### James S. Plank

Wed Mar 1 20:20:59 EST 2017

I'm going to save you some time. (Maybe). Don't think about how to win the game. Instead, think about dynamic programming. You can solve this with recursion:
• The base case is when you can win the game in one move. Return the answer.
• Otherwise, for each value of i from 1 to maxAdd, call the method recursively on (next+i). If the answer is -1, then your opponent has lost, so i is your answer. If the answer is anything but -1, then you need to try another value of i.
• If you can't find a value of i that lets you win the game, then you lose. Return -1.
Go ahead and solve it in this manner. I've added a 4th example to main.cpp that sets goal to 1000, next to one and maxAdd to 8. You'll see that your recursive solution takes too long now, so you need to memoize by adding a cache.

### My Solution

My solution is in Solution.cpp:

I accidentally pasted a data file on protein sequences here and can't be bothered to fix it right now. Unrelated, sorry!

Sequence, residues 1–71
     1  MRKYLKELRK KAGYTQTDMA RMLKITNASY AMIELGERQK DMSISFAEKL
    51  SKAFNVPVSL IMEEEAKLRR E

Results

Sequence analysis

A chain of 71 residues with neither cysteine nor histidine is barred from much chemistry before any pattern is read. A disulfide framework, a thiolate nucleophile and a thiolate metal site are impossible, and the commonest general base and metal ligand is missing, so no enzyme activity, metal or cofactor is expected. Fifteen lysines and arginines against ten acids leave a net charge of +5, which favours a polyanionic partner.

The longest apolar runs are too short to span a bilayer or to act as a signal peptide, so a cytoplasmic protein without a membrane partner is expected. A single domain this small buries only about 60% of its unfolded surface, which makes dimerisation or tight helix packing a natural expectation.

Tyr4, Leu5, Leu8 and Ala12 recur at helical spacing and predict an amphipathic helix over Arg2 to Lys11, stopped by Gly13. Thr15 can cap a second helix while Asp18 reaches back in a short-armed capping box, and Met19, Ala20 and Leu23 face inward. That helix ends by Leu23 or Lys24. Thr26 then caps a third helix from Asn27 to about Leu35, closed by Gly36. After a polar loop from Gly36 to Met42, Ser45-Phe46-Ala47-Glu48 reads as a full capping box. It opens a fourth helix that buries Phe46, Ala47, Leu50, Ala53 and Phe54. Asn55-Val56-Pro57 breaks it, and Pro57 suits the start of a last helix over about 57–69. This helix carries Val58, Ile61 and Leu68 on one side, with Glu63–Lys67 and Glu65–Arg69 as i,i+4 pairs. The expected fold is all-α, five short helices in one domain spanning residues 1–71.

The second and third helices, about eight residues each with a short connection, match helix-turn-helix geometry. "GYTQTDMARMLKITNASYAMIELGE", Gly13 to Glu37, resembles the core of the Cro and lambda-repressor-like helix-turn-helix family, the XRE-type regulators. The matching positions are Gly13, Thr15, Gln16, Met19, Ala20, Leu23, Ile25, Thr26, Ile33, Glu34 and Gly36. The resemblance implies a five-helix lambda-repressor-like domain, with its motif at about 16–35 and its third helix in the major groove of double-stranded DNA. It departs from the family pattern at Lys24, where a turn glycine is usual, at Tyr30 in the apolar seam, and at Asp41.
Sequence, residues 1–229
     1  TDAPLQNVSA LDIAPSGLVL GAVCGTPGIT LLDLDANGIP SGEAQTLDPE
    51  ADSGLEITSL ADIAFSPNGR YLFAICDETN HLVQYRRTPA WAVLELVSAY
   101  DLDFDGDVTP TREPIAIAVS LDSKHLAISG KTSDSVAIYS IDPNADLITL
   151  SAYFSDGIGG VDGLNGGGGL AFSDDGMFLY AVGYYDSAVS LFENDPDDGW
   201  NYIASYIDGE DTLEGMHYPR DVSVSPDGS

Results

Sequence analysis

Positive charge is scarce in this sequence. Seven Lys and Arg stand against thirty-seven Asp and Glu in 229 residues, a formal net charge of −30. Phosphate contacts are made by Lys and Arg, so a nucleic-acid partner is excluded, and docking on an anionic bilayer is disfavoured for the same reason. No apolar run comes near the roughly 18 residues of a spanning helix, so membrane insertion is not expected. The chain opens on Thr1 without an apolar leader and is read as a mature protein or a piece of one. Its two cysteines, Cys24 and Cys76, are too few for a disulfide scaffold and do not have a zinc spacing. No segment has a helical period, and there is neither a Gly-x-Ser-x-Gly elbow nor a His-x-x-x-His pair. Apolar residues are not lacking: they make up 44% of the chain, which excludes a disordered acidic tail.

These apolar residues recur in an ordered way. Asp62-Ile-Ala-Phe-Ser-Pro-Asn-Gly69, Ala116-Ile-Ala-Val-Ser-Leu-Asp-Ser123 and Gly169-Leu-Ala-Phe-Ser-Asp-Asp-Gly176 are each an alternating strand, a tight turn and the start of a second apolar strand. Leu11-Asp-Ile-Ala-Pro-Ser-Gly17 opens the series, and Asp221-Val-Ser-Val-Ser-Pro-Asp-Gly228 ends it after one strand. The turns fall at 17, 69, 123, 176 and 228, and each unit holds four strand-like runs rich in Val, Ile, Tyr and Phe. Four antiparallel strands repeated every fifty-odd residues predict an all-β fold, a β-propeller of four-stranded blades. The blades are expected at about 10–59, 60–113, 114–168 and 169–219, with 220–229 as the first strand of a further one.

```/* Topcoder SRM 183, D2, 350-pointer. CountGame James S. Plank Wed Mar 1 20:35:06 EST 2017 */ #include #include #include #include using namespace std; /* I've added a cache for dynamic programming to the class. */ class CountGame { public: int howMany(int maxAdd, int goal, int next); vector cache; }; int CountGame::howMany(int maxAdd, int goal, int next) { int i; /* The first time that this is called, I initialize the cache. My "empty" value is -2. This is because -1 is a valid answer. */ if (cache.size() == 0) cache.resize(goal+1, -2); /* Check the cache and return if I've already solved this value of next. */ if (cache[next] != -2) return cache[next]; /* Here's the base case of the recursion. If I can solve the problem in one move, then I return that move. */ if (goal - next + 1 <= maxAdd) return goal-next+1; /* Now I go through and test every value of i from 1 to maxAdd. If my opponent loses after I add i to next, then I win! */ for (i = 1; i <= maxAdd; i++) { if (howMany(maxAdd, goal, next+i) == -1) { cache[next] = i; return i; } } /* Otherwise, I lose. :( */ cache[next] = -1; return -1; } ```